Price Returns and Total Returns

The good news is that performance of bond funds is not solely tied to the incremental changes in interest rates. Bond fund total returns are generated from two sources; interest payments on bonds (paid as fund distributions) and changes in bond prices. While interest rates rise, active portfolio managers have opportunities to purchase bonds at higher yields, and over time, a portfolio’s income may offset a decline in the value of individual bonds, mitigating the impact of that decline on a Fund’s total return.

Since its inception in 1980, approximately 98.6% of the Bloomberg Barclays Municipal Bond Index total return has been generated by income.



Active Bond Fund Management

Periods of rising rates can be challenging for investors who purchase individual bonds or funds aligned with a bond index. Active bond fund managers have the ability to take strategic steps to mitigate, to some degree, the impact of market volatility. With the ability to actively manage fund holdings over time, these managers may implement a number of strategies to adjust fund holdings based on market expectations. Fund holdings may be altered by quality rating in an effort to manage credit risk – a risk that may increase along with rising rates. Holdings may also be altered by maturity date and coupon, thereby adjusting portfolio duration or the sensitivity of the portfolio to movements in rates. Reducing portfolio duration would reduce sensitivity to a change in rates.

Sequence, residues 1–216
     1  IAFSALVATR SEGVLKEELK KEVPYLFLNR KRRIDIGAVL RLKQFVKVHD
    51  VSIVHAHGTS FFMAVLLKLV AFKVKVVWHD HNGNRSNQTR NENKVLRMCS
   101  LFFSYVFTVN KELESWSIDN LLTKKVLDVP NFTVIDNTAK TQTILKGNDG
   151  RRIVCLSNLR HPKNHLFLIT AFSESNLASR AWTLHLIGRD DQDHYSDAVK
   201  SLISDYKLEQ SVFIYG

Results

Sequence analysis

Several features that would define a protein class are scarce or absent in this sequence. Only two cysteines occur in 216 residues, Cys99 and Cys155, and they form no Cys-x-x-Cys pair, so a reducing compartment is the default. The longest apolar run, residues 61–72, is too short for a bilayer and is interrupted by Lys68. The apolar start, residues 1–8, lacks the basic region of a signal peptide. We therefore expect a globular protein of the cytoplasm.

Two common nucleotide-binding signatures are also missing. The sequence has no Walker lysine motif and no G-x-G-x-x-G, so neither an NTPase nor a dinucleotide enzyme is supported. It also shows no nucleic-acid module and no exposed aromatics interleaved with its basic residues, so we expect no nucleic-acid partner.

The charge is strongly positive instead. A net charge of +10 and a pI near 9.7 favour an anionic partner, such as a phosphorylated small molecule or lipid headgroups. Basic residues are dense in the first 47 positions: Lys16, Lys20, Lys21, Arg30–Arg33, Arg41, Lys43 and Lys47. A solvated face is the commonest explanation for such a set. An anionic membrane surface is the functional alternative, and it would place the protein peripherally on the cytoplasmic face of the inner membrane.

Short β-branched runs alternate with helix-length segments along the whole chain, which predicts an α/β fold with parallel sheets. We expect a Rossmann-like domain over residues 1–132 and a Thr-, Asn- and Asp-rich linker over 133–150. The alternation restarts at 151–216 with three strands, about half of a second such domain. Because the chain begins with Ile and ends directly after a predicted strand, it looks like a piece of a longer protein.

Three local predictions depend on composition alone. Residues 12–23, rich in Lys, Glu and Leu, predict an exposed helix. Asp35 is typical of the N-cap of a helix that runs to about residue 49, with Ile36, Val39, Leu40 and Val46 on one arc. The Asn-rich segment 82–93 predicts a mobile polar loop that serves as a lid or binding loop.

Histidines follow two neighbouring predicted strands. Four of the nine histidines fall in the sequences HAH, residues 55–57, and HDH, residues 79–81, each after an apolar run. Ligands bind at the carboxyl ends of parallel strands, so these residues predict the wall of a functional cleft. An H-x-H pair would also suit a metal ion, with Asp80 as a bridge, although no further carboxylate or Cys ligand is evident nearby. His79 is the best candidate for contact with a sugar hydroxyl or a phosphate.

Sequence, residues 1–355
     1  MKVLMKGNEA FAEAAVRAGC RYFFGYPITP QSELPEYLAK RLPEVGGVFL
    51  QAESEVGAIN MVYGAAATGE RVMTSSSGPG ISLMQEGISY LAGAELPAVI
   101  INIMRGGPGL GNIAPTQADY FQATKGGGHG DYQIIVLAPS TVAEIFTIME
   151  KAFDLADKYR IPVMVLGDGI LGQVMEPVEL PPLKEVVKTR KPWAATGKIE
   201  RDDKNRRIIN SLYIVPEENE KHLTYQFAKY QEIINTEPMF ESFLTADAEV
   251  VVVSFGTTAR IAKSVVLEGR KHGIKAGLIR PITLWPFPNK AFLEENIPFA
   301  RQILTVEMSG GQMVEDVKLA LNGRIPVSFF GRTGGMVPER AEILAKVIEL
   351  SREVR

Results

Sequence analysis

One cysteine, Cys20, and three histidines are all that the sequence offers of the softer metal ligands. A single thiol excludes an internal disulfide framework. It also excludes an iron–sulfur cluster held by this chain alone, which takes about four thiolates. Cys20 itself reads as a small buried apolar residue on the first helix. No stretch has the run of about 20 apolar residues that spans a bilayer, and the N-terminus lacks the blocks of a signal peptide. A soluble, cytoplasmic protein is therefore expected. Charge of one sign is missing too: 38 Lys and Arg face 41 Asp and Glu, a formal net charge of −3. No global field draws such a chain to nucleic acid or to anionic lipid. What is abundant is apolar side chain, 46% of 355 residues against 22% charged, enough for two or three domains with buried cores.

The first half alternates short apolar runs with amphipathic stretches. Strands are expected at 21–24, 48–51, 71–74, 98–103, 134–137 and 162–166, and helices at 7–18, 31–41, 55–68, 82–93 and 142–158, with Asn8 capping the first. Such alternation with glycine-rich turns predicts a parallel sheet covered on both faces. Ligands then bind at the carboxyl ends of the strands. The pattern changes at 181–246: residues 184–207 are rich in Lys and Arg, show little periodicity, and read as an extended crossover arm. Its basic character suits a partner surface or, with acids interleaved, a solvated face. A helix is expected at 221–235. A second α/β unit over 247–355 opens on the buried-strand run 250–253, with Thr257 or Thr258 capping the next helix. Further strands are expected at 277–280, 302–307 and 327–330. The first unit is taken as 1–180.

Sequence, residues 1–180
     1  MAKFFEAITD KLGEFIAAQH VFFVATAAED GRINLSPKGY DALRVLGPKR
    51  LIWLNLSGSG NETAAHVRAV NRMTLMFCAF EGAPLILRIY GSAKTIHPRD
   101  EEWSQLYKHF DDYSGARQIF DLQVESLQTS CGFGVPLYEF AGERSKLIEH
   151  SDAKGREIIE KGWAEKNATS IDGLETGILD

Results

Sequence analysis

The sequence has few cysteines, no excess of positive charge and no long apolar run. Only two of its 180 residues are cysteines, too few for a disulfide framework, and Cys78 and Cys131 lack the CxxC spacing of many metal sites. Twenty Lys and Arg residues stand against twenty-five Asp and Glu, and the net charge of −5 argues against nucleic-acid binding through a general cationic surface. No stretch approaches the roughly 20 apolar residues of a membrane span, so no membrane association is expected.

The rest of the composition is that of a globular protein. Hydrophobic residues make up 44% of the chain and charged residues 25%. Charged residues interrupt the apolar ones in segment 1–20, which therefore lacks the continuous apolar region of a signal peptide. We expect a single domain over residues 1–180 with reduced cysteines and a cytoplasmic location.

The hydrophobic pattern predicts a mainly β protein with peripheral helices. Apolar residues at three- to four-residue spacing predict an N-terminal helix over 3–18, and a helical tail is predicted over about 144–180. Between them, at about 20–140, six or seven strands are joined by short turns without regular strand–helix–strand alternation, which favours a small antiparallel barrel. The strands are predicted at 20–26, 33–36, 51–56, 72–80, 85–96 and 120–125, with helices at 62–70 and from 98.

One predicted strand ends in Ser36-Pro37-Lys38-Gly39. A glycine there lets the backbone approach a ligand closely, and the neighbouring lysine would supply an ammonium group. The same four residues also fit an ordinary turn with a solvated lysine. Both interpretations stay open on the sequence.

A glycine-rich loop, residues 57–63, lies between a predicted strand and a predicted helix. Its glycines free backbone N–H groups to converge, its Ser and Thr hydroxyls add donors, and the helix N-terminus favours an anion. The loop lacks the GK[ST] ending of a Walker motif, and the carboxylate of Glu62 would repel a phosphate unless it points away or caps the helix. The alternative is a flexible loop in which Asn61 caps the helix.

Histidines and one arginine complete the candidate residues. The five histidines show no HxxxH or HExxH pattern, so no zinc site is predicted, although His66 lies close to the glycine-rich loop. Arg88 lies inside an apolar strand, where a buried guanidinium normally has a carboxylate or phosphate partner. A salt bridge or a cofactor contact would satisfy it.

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Bourbon Boom Creates Revenue for Kentucky


Whether you enjoy a glass occasionally or have sworn off brown liquor since college, there is no denying that bourbon distilling has once again become a big business for the state of Kentucky. Horses and coal put the state on the map, but bourbon is what is drawing the largest crowds, leading distillers to undergo capital improvements of over $2.3 billion collectively along the bourbon trail.

Distilleries in Kentucky employ just over 20,000 people with an annual payroll of close to $1 billion. Recent estimates show 9.2 million barrels of bourbon currently aging in rickhouses, a little over two barrels per Kentuckian, generating property tax revenues of approximately $29 million annually. While this is good news for the State’s finances, it is causing issues for distilleries big and small. Kentucky is the only state with a barrelage tax, which may ultimately be accountable for the sudden growth of distilleries outside of Kentucky. In 2014, the Kentucky legislature passed a corporate income tax credit to help offset the taxation, however, the rapid increase in aging barrels has greatly reduced the benefit of the tax credit. The value of aging barrels was around $3.8 billion in 2020, an increase of $400 million since 2019 and twice the assessed value of barrels in 2010.

Booms and busts